As a speaker trainer and coach, I focus a lot on delivery skills. Some clients get frustrated, because they think the heart of the matter should be what they’re saying – not what they’re doing. But a focus on content is not the key to a successful presentation. Research has confirmed that 93 percent of your communication impact comes from how you look and sound. That’s going to determine how your content is interpreted. I use the acronym S.P.E.A.K.E.R. to capture the seven key delivery skills a speaker should master.
Smile Posture Eye Communication Appearance Kinesics Expressive Vocals Resting Places for Your Hands
This article deals with Appearance.
While most of the other points in my SPEAKER acronym also deal with some aspect of appearance, I created this category to deal with two very specific subsets of your appearance: attire and distracting mannerisms. This article covers Distracting Mannerisms. When you’re in front of a room, you want an appearance that commands attention, gives you credibility, imbues you with power. How you appear to your audience has an impact on your believability and how receptive they’ll be to your message. Distracting Mannerisms can detract from this appearance.
Have you ever seen a speaker do or say something that absolutely drove you to distraction? Things like jingling change in his pocket, or playing with her hair, or saying “um” every few seconds. If you want an appearance that’s poised and credible in front of an audience, be aware of and avoid any of those little pesky traits that serve no purpose except to drive an audience crazy. If you remember that movement that’s purposeful has power, then any movement that’s not purposeful is a distracting mannerism. Let’s look at three categories:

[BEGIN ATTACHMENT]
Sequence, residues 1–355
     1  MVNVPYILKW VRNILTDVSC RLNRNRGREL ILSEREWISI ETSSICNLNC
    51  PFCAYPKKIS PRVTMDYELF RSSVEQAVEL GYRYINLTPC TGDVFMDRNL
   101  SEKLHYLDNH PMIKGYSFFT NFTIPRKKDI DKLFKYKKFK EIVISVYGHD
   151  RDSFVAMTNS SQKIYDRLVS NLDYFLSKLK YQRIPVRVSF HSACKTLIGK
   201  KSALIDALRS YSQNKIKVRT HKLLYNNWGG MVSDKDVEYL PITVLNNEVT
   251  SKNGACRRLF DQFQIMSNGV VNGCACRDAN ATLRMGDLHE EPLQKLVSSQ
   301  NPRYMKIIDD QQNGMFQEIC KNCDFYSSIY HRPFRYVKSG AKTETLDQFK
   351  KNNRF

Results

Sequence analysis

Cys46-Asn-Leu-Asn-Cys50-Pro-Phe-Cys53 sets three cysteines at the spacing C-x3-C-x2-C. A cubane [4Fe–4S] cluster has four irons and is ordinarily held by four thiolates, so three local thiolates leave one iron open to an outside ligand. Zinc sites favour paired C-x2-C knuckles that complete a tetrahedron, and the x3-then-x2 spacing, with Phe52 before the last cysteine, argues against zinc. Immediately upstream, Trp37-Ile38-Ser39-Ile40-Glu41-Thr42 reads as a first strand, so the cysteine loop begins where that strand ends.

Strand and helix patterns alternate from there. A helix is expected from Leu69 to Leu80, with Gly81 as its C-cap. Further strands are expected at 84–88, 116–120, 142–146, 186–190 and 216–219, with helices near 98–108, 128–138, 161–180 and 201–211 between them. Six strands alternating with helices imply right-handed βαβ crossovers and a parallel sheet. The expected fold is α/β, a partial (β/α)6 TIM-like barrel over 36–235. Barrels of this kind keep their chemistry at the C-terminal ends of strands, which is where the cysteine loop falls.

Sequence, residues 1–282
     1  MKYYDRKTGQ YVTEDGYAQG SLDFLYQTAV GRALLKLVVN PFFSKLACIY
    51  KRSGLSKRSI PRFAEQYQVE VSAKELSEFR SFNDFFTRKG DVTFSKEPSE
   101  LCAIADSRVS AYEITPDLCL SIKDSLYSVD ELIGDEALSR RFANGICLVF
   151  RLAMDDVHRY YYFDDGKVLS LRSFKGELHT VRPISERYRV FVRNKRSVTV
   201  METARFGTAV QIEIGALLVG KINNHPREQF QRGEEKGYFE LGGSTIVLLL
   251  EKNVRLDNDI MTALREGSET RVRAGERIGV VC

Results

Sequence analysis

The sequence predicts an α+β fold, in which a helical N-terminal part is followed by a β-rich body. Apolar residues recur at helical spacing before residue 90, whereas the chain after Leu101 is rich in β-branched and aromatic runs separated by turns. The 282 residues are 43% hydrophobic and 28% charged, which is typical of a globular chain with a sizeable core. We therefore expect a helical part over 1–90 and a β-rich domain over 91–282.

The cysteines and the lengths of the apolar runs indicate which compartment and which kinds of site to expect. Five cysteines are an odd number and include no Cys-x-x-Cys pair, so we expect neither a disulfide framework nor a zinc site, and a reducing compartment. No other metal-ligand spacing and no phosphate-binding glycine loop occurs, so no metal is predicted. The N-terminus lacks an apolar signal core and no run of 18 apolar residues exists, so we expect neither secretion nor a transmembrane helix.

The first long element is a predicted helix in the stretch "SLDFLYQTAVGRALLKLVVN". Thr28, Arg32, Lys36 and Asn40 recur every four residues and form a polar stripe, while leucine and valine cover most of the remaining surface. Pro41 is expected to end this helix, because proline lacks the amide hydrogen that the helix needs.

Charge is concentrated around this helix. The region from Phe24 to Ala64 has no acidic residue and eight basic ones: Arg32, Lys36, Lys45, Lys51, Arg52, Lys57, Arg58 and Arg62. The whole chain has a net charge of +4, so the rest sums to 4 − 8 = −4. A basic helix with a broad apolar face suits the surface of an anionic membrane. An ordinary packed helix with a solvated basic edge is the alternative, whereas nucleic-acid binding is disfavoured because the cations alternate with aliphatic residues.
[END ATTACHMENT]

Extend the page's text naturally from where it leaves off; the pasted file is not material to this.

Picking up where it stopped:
1. Anything you put in your hands. A prop gives you purposeful movement. If you held up a globe to point out a location in Asia, that would be purposeful. But if you didn’t put it down afterwards, and just started idly spinning it on its axis while you were talking, that wouldn’t be purposeful, just distracting.
Other examples: repeatedly clicking a pen, twisting a paper clip every which way, folding and bending your notes, fiddling with the cordless mouse so much that the PowerPoint advances several slides. None of these actions is purposeful, and the end result is an appearance that conveys anxiety and discomfort. The best rule of thumb is, unless you have a specific, purposeful use for an object, keep things out of your hands. That way, you won’t be tempted to play with them.
2. Yourself. This includes playing with your hair, fingering a button, twisting a ring, playing with jewelry, tugging at your cuffs, shoving glasses up your nose, etc. It’s one thing to purposefully brush a lock of hair out of your. But when those kinds of movements are repetitive, they serve no purpose, except to distract.
3. Vocal tics. You know, haven’t you, um, ever heard, uh, a speaker who, you know, couldn’t seem to, ah, get through a sentence, you know, without, um, filling it with nonwords.
These nonwords–also called fillers, vocal tics, word whiskers–have no meaning. They’re not purposeful. The most common culprits are: um, uh, and you know. But it could be anything. I’ve heard speakers whose fillers were whole sentences. One that comes to mind is a man who ended virtually every sentence with, “Ya know what I mean?” When the fillers are overwhelming, the audience isn’t listening to what you say. They’re too busy counting the “ums”.
The thing about distracting mannerisms is that they’re just that-distracting. They detract from what we have to say and usually make us look nervous and ill at ease. The best way I know to avoid these nasty image-detractors is to get yourself videotaped. Only when you see yourself as others do can you really appreciate how you might be sabotaging your presence in front of an audience.